Reenactors Unveil First Monument To Canadians Who Fought In The Civil War
A monument to the 40,000 Canadians who fought in the American Civil War was unveiled Saturday in Ault Park near Cornwall, Ontario. While the fight over the legitimacy of Confederate monuments continues to simmer in the U.S., Saturday’s ceremony was about remembering those Canadians who fought for both sides.
It’s one of the least-known facts of America’s deadliest conflict: 36,000 Canadians joined the Union Army while another 4,000 went South to fight for the Confederacy — and over 7,000 died.
The Grays and Blues of Montreal unveiled the granite memorial with about 250 spectators and 35 reenactors in attendance. The Parliamentary secretary to the minister of national defense, Jean Rioux, was there for the federal government. There were no protesters present.
In August a Hudson’s Bay store in Montreal unceremoniously removed a plaque from its front wall dedicated to Confederate president Jefferson Davis, who had once lived in the building.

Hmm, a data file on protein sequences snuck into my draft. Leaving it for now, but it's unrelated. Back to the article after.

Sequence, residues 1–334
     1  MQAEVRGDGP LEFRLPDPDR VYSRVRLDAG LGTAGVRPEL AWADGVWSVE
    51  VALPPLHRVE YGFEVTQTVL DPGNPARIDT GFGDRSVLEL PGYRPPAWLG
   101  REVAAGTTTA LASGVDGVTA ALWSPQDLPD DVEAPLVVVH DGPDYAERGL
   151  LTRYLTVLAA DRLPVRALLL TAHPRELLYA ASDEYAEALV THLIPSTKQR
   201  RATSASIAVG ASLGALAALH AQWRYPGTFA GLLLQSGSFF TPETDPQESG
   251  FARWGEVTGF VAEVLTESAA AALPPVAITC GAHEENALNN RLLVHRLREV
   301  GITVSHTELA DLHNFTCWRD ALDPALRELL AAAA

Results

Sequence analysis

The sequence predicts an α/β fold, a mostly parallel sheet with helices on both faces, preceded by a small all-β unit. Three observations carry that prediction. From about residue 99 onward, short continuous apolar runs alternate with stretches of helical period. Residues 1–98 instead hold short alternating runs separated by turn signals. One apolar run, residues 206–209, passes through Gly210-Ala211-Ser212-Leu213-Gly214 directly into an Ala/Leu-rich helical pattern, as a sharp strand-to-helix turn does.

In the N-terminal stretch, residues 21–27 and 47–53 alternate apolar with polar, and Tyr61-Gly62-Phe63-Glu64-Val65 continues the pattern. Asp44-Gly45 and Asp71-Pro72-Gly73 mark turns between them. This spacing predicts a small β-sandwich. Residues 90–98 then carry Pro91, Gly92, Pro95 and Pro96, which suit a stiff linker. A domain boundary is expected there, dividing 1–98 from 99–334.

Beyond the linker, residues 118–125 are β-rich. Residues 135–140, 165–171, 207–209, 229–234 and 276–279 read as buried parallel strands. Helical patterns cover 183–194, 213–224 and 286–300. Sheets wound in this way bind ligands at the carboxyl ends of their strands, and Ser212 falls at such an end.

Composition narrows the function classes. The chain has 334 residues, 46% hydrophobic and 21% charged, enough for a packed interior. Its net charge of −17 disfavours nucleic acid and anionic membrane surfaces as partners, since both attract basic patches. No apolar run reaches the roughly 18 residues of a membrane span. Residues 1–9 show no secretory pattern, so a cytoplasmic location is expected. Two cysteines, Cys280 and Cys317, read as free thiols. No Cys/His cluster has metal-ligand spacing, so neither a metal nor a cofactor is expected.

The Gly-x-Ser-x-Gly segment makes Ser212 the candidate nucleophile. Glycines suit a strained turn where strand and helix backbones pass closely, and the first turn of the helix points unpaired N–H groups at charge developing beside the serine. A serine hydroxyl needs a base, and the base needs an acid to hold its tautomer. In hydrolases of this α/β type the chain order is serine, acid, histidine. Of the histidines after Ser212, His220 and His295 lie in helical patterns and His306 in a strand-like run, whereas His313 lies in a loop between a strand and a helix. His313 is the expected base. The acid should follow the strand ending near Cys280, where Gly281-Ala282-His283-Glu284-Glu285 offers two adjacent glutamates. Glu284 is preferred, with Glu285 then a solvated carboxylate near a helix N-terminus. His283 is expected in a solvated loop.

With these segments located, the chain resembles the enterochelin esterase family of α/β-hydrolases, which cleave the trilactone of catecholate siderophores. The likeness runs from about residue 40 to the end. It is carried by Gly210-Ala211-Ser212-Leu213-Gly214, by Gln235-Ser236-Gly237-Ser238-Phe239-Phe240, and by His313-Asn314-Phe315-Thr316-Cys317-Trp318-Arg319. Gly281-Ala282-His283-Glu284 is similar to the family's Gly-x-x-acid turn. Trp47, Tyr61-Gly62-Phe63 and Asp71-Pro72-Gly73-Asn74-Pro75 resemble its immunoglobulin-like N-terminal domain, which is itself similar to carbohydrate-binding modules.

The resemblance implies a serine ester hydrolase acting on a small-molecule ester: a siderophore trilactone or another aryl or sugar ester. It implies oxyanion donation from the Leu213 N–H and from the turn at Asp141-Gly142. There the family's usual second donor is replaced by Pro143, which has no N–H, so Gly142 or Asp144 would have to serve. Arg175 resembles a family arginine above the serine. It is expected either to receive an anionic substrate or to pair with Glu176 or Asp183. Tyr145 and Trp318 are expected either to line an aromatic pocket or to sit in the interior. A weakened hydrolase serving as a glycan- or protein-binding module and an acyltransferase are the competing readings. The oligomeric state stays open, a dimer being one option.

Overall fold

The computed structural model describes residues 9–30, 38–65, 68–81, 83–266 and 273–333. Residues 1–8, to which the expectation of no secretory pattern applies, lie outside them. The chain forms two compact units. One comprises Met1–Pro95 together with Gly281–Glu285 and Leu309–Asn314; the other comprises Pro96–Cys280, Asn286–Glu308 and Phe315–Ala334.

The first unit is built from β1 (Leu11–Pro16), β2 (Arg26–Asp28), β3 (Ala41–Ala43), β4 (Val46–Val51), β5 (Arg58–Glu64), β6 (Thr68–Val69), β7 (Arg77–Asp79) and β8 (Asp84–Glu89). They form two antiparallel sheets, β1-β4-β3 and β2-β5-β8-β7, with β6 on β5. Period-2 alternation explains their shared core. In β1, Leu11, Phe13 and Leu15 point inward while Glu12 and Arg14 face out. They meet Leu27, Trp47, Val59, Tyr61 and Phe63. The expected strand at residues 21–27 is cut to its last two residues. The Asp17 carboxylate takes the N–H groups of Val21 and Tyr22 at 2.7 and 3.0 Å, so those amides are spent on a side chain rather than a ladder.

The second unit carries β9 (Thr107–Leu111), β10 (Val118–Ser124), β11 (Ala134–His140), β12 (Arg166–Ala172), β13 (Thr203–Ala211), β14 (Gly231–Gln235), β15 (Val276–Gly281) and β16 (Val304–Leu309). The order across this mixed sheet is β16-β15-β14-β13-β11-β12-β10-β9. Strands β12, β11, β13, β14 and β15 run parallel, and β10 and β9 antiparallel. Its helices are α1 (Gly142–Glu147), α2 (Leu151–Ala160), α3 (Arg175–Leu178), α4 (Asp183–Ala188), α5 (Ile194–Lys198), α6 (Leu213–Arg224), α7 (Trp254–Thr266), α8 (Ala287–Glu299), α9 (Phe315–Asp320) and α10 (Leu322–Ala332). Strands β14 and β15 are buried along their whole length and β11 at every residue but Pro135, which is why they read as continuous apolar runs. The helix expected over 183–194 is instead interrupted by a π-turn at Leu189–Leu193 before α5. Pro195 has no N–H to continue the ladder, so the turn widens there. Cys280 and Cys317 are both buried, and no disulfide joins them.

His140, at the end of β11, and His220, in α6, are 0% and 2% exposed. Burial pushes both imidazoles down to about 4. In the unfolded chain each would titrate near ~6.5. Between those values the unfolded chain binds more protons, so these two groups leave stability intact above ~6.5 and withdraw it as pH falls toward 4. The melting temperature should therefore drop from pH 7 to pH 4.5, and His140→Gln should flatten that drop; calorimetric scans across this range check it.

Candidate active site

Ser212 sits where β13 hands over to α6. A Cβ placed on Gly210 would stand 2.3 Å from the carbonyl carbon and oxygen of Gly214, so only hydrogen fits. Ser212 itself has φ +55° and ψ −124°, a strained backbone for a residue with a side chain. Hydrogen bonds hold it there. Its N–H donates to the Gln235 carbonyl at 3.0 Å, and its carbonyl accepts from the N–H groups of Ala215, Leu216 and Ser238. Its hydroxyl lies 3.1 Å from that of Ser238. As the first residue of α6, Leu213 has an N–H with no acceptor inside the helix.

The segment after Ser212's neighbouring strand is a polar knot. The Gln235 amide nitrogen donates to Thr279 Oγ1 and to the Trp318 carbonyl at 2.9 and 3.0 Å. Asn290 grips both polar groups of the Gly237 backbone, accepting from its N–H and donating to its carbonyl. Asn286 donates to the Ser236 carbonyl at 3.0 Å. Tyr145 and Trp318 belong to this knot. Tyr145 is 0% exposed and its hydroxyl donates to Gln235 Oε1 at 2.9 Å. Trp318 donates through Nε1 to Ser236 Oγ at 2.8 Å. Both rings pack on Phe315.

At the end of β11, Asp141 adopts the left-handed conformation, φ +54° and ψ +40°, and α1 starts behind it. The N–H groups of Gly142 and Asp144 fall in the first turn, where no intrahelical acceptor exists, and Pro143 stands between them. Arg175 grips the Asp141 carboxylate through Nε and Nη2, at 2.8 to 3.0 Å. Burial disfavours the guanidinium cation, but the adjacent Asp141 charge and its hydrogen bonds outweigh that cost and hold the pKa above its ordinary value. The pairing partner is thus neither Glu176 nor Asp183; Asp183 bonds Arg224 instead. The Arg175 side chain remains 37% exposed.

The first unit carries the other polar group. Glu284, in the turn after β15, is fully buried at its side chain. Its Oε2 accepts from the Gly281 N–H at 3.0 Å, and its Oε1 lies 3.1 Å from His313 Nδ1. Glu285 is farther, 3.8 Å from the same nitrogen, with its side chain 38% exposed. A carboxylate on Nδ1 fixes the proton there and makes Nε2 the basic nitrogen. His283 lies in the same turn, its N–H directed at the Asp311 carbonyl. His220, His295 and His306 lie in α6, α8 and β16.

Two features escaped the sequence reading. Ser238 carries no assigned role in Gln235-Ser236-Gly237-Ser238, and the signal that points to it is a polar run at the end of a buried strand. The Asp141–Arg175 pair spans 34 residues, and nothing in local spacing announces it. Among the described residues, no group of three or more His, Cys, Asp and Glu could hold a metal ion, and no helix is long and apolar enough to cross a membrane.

Grays and Blues commanding officer Rob McLachlan told The Daily Caller on Sunday that he was inspired to erect the monument because “no one has done it yet” and that “the story of Canada’s involvement in the Civil War is not well-known or well-told,” he said. As a former Canadian Army officer, McLachlan said he was not even told of the Civil War connection when he went to staff school.
But McLachlan has a personal interest in this story as well. Three of his ancestors fought in the war — on both sides. “Two of them were brevet generals for the Union while a third was a private who fought for the South,” he said.
He noted that Canada produced 29 medal of honor recipients in the Civil War and five general officers of brigadier-general or higher. None of the Canadians who fought for either the Union or Confederacy were ever recognized by their government, which was officially neutral.
The memorial was built with the full support of Ault Park and the local Cornwall city council.